Bingu wa Mutharika statue at Parliament: Malawi leader set to unveil it

President Peter Mutharika is Friday  scheduled to unveil  a statue in honour of the late president Bingu wa Mutharika, erected at Parliament Building in Lilongwe.

The Bingu statue

President to unveil a statue in honour of Bingu

Minister of Information and Communications Technology Henry Mussa confirmed that construction works for  the sculpture has been completed.

After unveiling the stature, a memorial service will follow.

Renowned South African sculptor Jean Doyle, who was hired to erect the Bingu statue, also constructed the statue of president Hastings Kamuzu Banda erected at Area 18 Memorial Tower in Lilongwe.

Since the sculpture photos have been circulating on social media, a storm has since erupted over the likeness of the statue; with many airing views that the bronze was not a fair reflection of the country’s  former leader.

But experts says a statue is not a picture and that Bingu’s statue is clearly depicting him with his signature gesture to the country  that “let the works of my hands speak for me.”

One commented to Nyasa Times: “It is Bingu wa Mutharika it is the best sculptor we have in Malawi.”

Malawians will remember  Bingu  because he lived, reigned and died in a very remarkable and memorable way.

Through his first term, from 2004 to 2009, the works of his hands spoke of great political and economic success. Even his national and international critics do not dispute this fact. The world could not resist but listen to the new messiah whose works spoke of great tidings of high agricultural productivity and food security, for the once hunger stricken Malawi.

His works spoke of a redeemed Malawi, which was not only feeding herself, but had over a million metric tons of surplus.  Bingu works spoke so appealingly to donors who had abandoned Malawi and deserted her as if she were a leper colony.

Donors regained trust and flocked back to Malawi with huge bags of dollars and pounds.  The IMF too felt compelled to take a rare decision- in 2006 the IMF wrote-off a huge debt Malawi had incurred, when Bingu was not in office.

In 2006, he through the works of his hands and thorough consultative processes drafted the highly applauded Malawi Growth and Development Strategy (MGDS) to run for five years until 2011. The MGDS prioritized enhancement of agriculture and food security, education, transport, energy generation, rural development, irrigation and water development, youth development and anti-corruption initiatives.

In 2008, Malawi registered 9.7% economic growth and was rated a fastest growing economy in the world after Qatar.  By the following year, 2009, which was the General Elections years, the works of Mutharikas hands had also spoken of countless infrastructure development that spread across all regions of Malawi. Malawians decided to let their votes speak only of their appreciation to Mutharika and heaped on him 66.7% of votes which ushered him into a second term.

The first year of his second term, from 2009 to 2010 equally spoke highly of works of his hands, which now extended cross the African continent. In January 2010, he rose to the Chairmanship of the African Union, replacing the late Muammar al-Gaddafi who attempted to retain the Chairmanship for an additional term. While Chairing the African Union, he called for Africans to develop fellow Africans and trade intensively among themselves.

Bingu implemented the African Food Basket Initiative which prioritized African’s food security, a concept which he had successfully implemented in Malawi. He argued that Africa had the potential to feed itself and the rest of the world.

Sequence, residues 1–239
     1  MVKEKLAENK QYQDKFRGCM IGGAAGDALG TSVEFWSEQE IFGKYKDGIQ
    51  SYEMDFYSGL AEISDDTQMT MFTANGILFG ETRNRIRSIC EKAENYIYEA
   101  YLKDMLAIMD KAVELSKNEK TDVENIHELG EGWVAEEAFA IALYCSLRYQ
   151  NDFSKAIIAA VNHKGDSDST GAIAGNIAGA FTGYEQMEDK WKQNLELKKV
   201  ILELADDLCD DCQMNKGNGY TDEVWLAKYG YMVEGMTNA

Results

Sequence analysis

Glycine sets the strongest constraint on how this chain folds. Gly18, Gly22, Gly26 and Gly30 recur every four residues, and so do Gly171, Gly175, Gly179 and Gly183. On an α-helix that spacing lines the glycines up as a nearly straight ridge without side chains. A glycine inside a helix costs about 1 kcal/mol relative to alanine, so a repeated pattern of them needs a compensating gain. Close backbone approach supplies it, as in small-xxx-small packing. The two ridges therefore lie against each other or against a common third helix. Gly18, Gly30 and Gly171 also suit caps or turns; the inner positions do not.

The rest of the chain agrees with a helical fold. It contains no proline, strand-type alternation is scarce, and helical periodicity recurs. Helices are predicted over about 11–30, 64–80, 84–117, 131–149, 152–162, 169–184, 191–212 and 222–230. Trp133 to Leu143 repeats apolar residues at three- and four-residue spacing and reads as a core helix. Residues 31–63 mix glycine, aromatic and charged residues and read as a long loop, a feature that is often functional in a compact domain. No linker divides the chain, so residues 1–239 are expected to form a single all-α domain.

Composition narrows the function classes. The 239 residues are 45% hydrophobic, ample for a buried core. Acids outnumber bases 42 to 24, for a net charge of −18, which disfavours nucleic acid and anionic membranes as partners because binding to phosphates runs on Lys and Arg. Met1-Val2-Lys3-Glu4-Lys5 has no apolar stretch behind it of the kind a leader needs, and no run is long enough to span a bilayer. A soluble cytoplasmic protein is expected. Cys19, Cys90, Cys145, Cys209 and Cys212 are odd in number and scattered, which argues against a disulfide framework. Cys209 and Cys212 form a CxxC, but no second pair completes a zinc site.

All of a sudden, things changed in 2011 during the second year of his second term. – the usual final term curse for African leaders when the works of his hands spoke more of struggle than success.

Bingu  believed that Africans and of course Malawians could develop domestic policies which could tackle domestic challenges better than imposed policies. He wished above all, that Africans, and Malawians must become masters of their fate.

Sources within government estimate that the statue will cost taxpayers in excess of K120 million, including travel expenses for government officials and family members who have been supervising the work.

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Chavuls
Guest
Chavuls

THE STATUE LOOKS MORE LIKE SOMEONE FROM KENYA THAN BINGU. PLEASE SCHOOL ME.

Maka Muchiwo
Guest
Maka Muchiwo

Yes, like the late Dr. H Kamuzu Banda, the late President Dr. Bingu wa Mutharika deserves a statue. But surely this one does not look like him. Sub standard work like what they did with construction of sub standard dykes. …. Chimenecho chigwetsedwe basi!

Shack
Guest
Shack

This is the face of dead Chimulirenji not Bingu. Ndaitulukila, mukuyikilatu ma statue anu while still in power. Hehehe!

Naphuma
Guest
Naphuma

kuchita kuchilandila bwino chinthu chonyasa ngati ichi , koma a Malawi simuzatheka. our late bingu does not deserve this, chonde bwezani chinthu chanucho, The late president needs respect not this nyusense……..

Ayayayaya
Guest
Ayayayaya

A combination of Goodall Gondwe, Chaponda, Jappie Mhango and milomo ya Mwanaanveka!

Kamuzu wa mutharika
Guest
Kamuzu wa mutharika

This statue must fall….our father did not look like this …..THIS IS SO MUCH DISRESPECTFUL TO THE LATE

Shame
Guest
Shame

What is that??? A total waste of our tax payers money……..it’s time for change!!!

Embarrassing!
Guest
Embarrassing!

Did they Botox his lips ? Was there any supervision ? Somebody needs to be fired

Greed!
Guest
Greed!

Is this how he looked after the cardiac arrest? I don’t recognize him at all

Ndata farm!
Guest
Ndata farm!

Reincarnation of Daniel Phiri because this is not Bingu🤣🤣🤣

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